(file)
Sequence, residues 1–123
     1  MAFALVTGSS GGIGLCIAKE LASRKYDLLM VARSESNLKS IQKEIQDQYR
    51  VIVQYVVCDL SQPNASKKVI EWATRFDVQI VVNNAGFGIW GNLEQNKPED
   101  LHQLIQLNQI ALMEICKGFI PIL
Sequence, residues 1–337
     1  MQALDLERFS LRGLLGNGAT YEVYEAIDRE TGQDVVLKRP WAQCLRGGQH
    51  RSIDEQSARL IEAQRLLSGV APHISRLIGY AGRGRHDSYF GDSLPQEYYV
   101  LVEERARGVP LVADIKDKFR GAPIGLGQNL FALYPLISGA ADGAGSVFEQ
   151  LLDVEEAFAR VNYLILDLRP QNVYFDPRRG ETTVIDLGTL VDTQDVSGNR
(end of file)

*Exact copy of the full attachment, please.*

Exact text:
Sequence, residues 1–123
     1  MAFALVTGSS GGIGLCIAKE LASRKYDLLM VARSESNLKS IQKEIQDQYR
    51  VIVQYVVCDL SQPNASKKVI EWATRFDVQI VVNNAGFGIW GNLEQNKPED
   101  LHQLIQLNQI ALMEICKGFI PIL
Sequence, residues 1–337
     1  MQALDLERFS LRGLLGNGAT YEVYEAIDRE TGQDVVLKRP WAQCLRGGQH
    51  RSIDEQSARL IEAQRLLSGV APHISRLIGY AGRGRHDSYF GDSLPQEYYV
   101  LVEERARGVP LVADIKDKFR GAPIGLGQNL FALYPLISGA ADGAGSVFEQ
   151  LLDVEEAFAR VNYLILDLRP QNVYFDPRRG ETTVIDLGTL VDTQDVSGNR